The Annual General Meeting of the London Assembly took place on Wednesday. The meeting saw the self styled Progressive Alliance of Labour, Greens and Lib Dems holding together for a second year, although the Libs in particular are beginning to look worried about the pressure this is placing on their small team.
The election for the chair of the assembly saw Darren Johnson defeat my Conservative colleague Andrew Boff. Darren is the first Green politician to hold the post and his success demonstrates the strong grip that the two Greens continue to exercise over their eleven non Conservative colleagues. Disproportionate power exercised by a few individuals is always a consequence of so called proportional representation.
I suspect that Darren will be more disciplined in the chair than his predecessor, indeed we got a taste of his style some months ago when he stood in at a question time and had noisy protesters thrown out of the gallery - a first for a Green politician in the UK.
Jennette Arnold defeated Conservative Victoria Borwick in the contest for deputy chair.
Chairs of assembly committees were then elected and the ruling coalition have generously permitted us to chair two committees:
James Cleverly returns to chair the Health Committee, where he has been leading some good work on alcohol abuse amongst teenagers.
And I have agreed to take on the Audit Panel...
An Undemocratic Stitch Up
During the debate some of my colleagues referred to the latest deal as an undemocratic stitch up. The position was defended by Labour members who claimed that the mayor's own party would not be sufficiently robust in scrutinising his actions and policies, yet it was acknowledged that many Conservative members have actually been very tough on the mayor and his advisers over the last year, in contrast to Labour's approach from 2004 to 2008.
Liberal leader, Mike Tuffrey who always ends up on the right side of any deal, is fond of pointing out that the present situation is no different from the deal he did with us from 2000 to 2008. He is wrong and it is worth examining what actually happened on previous occasions:
2000 to 2004
The deal was actually done between Labour and the Lib Dems and saw Labour's Trevor Phillips chair the assembly, alternating with Lib Dem Sally Hamwee and briefly Samantha Heath. this despite the fact that the mayor was also Labour and the Conservative and Labour groups both had 9 members. Mike wasn't present when this deal was drawn up, so he can be forgiven for trying to distance himself from a situation where one party occupied the mayoralty and the assembly chair - but it did happen.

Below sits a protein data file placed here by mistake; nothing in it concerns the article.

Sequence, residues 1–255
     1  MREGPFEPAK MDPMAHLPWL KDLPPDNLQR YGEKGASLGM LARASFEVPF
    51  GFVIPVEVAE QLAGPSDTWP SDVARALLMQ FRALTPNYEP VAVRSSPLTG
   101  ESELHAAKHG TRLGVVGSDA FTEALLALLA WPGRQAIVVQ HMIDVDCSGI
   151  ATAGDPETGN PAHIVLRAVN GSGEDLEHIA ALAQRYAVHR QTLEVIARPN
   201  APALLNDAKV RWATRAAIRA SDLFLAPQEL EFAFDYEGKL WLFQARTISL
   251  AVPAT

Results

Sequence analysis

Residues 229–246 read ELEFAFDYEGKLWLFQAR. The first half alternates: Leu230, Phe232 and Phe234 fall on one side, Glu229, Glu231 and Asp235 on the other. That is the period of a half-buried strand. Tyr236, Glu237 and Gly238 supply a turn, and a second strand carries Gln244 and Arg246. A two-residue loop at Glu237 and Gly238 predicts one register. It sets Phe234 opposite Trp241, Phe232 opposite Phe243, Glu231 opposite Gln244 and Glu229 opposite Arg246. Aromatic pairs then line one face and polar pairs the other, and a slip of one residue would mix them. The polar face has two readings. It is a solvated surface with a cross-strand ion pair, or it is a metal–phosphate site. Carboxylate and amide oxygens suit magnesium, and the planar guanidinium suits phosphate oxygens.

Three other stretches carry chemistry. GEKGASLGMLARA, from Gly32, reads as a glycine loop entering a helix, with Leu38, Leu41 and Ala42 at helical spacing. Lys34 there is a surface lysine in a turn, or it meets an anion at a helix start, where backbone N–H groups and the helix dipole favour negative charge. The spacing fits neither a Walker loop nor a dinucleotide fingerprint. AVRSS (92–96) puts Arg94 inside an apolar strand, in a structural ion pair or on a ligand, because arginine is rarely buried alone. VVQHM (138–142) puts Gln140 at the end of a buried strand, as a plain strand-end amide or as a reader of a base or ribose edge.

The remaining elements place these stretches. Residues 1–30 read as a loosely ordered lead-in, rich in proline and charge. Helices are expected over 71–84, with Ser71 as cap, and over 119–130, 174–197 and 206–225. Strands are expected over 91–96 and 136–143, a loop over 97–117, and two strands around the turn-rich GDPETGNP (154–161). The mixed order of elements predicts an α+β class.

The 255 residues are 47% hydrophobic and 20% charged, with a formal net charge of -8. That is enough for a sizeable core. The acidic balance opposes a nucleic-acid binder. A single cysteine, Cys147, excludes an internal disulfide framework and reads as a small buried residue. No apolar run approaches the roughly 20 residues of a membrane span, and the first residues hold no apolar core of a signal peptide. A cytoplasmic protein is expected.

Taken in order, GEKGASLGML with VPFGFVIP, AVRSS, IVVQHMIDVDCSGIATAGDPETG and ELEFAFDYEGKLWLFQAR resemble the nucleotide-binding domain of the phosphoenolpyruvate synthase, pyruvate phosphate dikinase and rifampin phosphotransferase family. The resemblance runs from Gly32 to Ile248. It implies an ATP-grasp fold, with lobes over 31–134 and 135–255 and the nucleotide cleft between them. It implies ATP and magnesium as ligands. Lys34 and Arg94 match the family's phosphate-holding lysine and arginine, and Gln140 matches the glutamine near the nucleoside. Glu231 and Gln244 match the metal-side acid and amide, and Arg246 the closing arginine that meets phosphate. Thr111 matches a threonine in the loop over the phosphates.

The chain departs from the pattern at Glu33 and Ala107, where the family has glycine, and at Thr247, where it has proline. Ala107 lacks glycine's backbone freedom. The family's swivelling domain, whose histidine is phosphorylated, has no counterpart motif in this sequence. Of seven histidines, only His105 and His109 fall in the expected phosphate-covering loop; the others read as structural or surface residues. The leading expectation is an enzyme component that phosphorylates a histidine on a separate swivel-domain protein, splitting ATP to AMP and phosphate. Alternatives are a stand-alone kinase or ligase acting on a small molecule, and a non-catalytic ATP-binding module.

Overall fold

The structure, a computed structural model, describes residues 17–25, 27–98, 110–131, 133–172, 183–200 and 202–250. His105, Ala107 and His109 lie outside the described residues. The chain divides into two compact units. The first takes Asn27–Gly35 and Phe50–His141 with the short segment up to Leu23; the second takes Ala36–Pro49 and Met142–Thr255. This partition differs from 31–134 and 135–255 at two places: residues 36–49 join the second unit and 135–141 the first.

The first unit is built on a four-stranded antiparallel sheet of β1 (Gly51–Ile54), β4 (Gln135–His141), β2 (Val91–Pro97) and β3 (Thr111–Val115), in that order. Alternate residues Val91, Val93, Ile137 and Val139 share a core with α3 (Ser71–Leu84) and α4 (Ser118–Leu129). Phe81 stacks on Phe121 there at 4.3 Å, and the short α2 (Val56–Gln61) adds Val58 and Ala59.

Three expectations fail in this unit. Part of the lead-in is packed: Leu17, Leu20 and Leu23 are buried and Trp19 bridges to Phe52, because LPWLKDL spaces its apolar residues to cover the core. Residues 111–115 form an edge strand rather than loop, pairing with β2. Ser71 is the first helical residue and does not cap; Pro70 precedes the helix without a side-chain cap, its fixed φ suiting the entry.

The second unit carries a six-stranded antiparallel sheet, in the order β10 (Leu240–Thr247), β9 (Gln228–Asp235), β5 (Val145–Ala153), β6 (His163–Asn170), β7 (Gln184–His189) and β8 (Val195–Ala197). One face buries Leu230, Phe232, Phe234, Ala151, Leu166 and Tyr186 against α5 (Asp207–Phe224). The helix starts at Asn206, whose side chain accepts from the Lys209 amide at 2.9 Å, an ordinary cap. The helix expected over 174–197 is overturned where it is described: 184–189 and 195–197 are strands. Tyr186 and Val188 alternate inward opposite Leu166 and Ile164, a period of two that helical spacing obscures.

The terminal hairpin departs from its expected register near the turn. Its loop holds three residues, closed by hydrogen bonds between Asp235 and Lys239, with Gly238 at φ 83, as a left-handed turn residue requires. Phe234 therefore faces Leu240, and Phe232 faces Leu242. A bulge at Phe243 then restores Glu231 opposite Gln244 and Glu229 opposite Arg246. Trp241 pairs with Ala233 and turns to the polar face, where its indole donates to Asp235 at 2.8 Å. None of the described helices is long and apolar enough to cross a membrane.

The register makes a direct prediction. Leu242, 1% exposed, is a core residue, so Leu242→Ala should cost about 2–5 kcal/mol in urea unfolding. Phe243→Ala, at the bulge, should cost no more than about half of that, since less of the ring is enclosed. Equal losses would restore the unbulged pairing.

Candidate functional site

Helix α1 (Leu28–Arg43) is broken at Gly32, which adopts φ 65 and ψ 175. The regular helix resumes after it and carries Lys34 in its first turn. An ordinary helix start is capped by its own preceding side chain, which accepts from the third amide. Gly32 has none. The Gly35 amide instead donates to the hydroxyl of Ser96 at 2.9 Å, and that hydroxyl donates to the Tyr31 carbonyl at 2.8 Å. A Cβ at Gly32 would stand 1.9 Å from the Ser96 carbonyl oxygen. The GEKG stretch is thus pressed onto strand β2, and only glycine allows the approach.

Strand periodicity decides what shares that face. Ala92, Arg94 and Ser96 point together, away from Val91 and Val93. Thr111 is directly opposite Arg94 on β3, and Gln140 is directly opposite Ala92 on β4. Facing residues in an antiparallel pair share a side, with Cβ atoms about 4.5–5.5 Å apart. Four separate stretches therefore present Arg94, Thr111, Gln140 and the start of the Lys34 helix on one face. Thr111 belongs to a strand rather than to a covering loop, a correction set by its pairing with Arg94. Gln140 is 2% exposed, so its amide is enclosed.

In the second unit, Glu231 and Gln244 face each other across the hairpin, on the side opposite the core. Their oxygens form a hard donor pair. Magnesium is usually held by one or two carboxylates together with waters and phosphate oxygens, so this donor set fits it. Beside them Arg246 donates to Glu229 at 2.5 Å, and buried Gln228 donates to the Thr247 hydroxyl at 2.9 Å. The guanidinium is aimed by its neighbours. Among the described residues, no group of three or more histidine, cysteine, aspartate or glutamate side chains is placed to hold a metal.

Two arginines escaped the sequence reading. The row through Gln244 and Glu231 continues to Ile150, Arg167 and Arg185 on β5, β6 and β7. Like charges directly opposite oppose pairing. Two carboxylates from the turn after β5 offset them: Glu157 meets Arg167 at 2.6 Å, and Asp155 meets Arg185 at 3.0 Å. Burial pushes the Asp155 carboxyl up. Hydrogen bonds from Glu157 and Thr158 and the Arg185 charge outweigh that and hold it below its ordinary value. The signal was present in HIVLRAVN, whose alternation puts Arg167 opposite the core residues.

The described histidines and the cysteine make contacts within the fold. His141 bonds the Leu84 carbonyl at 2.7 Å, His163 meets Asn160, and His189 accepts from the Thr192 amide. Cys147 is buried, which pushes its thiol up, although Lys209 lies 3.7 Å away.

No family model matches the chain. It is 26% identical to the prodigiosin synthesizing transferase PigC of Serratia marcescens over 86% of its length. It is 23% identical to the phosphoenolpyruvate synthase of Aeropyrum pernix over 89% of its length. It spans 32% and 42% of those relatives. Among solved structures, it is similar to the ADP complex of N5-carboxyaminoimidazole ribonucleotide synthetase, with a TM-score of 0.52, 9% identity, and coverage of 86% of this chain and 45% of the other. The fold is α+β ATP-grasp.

2004 to 2008
This time the Labour group lost two members, shrinking to 7, whilst the Conservatives retained 9, whilst UKIP enjoyed a brief period of representation. The deal was done between Conservatives and the Lib Dems, leading to Brian Coleman's memorable period as chairman and a return for Sally Hamwee. On this occasion different parties occupied the mayoralty and the chair.
2008 to ????
Most recently, Labour recovered, gaining 8 members and the Conservative group grew to 11 - the largest ever elected to the assembly. A three way deal between Labour, Greens and Lib Dems was necessary for the opposition to retain control and the presence of one BNP member introduced another unpredictable variable. The mayor and the assembly chair will be from different parties.
On the face of it, the doctrine that the two organisations should be in different political hands looks attractive, but it fails to consider other important factors:
Boris Johnson has not excluded other parties in the way that Ken Livingstone did. Mayoral advisers include Labour figures Neale Coleman and Kate Hoey MP. Saturday's State of London Debate included contributions from Assembly Members of all parties - for the first time. Boris has a naturally more collegiate approach than his predecessor.
And the numbers create a challenge for the assembly. Trying to run an elected body of 25 members with only 13 leads to a considerable workload for those individuals, and particularly for the smaller partners. Recent plans to reduce the size of committees were intended to reduce some of this load but were vetoed when the smaller groups realised they would lose representation entirely on some of the committees.
An assembly elected on the same day as the mayor will usually have the mayor's party forming the largest group, so it seems unlikely that the voters, or the government, intended them to automatically be placed in opposition as Tuffrey claims.
Scrap Proportional Representation - it leads to disproportionate power.
Stagger the assembly elections to take place every five or every three years. Most of the time they would then be independent of the influence of the mayoral election, and would provide a useful mid term test of the mayor's popularity.